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Jerry Cans by Geoff Wheatley
By Geoff Wheatley

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Jerry Cans by Geoff Wheatley

One of the major problems in any modern warfare is fuel for the trucks, tanks, airplanes etc. In the good old days, the trusty horse was quite adequate to meet most of the battle field needs and only required a few bundles of hay to keep them going.

But not today when a transport vehicle can consume a gallon of gasoline in a matter of a few miles, while a tank needs at least 200 gallons of fuel to travel 200 miles. When Germany was in the process of rearming in the 1930’s the German field staff were very conscious of the need for a regular and reliable supply of fuel especial when the policy of the Blitzkrieg was developed, a policy that swept through Europe in the summer of 1940.

Fast moving panzer divisions that could race through the low country of Western Europe and of course the flat terrain of Poland. Carrying fuel in large drums of fifty gallons or more was both difficult and wasteful as spillage was an expected part of filling your gas tank or whatever else needed to be replenished. What was needed was a simple can that an average man could lift and had its own non-spillage design. A flat storage can could be stacked like a slim box and any vehicle could carry several of these with ease.

The German war industry soon designed such a storage unit that became known as the Jerry Can based on the fact that the Germans invented to design. The British who had been researching some means of carrying fuel into battle soon copied the design in company with the Russians who wanted a simple way to transfer fuel during the winter campaigns. With road transport that was designed for winter use.

For some reason still not clear the US Military did not see the advantage of the Jerry Can and continued to transport fuel in large containers hauled by trucks, resulting in an average loss by spillage etc. of at least 20%. More in other situations like refueling tanks or small boats on the move. The D Day invasion changed this policy once and for all.

There was no way that large fuel drums could be landed on the beach heads in France but the British and Canadians just a few miles up the coast were able to virtually drive ashore carrying their own fuel supply in Jerry Cans, strapped to the vehicles or carried in box form in transport trucks. The Jerry can had various advantages over any type of drum. First you can stack them like chocolate boxes at Christmas. They are easy to carry designed with two carry hand loops, while the weight is acceptable to most individuals.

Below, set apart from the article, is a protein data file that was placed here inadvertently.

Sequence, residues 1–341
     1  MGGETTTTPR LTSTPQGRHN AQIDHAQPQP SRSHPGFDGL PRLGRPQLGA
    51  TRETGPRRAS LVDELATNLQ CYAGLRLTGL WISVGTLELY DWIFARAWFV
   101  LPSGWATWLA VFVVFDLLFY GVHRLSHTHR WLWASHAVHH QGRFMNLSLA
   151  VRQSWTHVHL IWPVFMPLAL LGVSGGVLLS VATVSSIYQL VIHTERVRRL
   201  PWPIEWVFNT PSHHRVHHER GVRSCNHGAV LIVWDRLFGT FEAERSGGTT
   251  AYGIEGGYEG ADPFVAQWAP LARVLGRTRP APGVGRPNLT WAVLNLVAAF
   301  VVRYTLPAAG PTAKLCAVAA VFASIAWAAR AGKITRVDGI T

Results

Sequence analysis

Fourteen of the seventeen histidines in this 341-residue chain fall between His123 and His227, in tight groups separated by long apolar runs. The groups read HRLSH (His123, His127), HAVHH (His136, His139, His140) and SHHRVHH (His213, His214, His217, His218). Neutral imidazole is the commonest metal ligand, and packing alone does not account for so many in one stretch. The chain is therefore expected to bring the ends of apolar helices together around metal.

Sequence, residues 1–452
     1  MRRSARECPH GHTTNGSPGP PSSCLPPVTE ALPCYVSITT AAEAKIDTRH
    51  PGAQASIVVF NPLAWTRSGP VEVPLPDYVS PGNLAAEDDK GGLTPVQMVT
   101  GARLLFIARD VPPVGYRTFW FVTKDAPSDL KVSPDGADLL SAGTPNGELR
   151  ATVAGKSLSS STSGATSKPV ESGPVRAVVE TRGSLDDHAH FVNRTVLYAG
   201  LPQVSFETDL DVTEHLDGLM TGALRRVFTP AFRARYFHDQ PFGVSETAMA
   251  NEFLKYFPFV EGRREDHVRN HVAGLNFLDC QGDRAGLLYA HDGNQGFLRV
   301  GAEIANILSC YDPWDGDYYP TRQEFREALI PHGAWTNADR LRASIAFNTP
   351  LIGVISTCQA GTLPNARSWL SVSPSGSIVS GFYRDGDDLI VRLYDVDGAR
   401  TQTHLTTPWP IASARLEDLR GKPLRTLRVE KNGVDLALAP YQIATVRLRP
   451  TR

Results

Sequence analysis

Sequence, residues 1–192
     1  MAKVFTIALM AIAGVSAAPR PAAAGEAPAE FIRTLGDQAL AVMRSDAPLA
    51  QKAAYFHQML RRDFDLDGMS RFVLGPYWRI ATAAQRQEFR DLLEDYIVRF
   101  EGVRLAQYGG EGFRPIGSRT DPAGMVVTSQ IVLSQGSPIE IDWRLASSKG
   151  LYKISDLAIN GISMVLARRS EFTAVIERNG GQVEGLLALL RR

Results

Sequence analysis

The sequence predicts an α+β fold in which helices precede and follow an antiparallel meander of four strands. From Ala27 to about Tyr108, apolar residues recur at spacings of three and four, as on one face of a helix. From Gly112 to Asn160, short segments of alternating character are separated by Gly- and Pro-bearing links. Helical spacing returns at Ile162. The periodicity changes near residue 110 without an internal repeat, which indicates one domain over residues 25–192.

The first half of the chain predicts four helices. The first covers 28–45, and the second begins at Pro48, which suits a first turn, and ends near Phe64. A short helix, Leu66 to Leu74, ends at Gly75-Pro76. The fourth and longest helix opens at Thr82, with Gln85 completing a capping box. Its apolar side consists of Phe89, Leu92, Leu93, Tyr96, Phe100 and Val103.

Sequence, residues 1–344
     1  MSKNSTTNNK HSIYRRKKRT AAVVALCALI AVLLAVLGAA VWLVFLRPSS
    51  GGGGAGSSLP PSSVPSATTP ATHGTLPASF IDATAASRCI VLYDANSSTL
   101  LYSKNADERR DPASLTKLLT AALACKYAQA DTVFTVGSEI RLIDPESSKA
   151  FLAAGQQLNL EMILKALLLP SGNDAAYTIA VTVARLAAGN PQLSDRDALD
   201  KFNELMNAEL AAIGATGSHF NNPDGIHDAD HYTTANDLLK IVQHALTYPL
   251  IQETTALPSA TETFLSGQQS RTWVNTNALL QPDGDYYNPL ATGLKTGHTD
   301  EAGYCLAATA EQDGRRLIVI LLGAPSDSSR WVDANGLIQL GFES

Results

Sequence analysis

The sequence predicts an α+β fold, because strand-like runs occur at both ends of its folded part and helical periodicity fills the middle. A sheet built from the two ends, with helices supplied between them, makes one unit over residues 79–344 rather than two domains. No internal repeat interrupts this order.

Their construction is as solid as its possible to be with the box of the carrier wrapped out of one solid sheet with only one seam that Is usually welded. They are cheap to manufacturer compared with the large drums that are difficult to produce. They can carry any form of liquid so if you are in the dessert you have no fear of running out of water , They are easy to transport by air as they pack into a cargo bay with ease. Who would have thought that a simple design like the Jerry Can has now been universally credited with helping any war effort regardless where that may be have been in the world.

A few years ago, in company with a few equally strange car buffs I took off for a two thousand miles drive in North Africa most of the time in dessert conditions and hot, make that very hot conditions. Of course, we did not run out of fuel but we did see our water supply diminishing after a few days. By luck, (life is often based on that situation) we stumbled into a desert patrol who provided us with four full Jerry Cans full of water.

This took us to the nearest civilized location where we filled every can we processed with water. Later we found out that our original water had been evaporating due to poor seals on the filling spout. That only happens once in any situation. A good point to remember should you ever decide to take a long desert drive! So, when you next look at the Jerry Can tucked away in your garage take it out, give it a good clean and place it in a place of honor just in case you may need it one day.

Footnote. President Roosevelt observed in 1944 that “Without these cans it would have been impossible for the allied armies to cut their way across France, that exceeded the German Blitz of 1940.
Geoff Wheatley

PS Now you know why the can is called a JERRY CAN.

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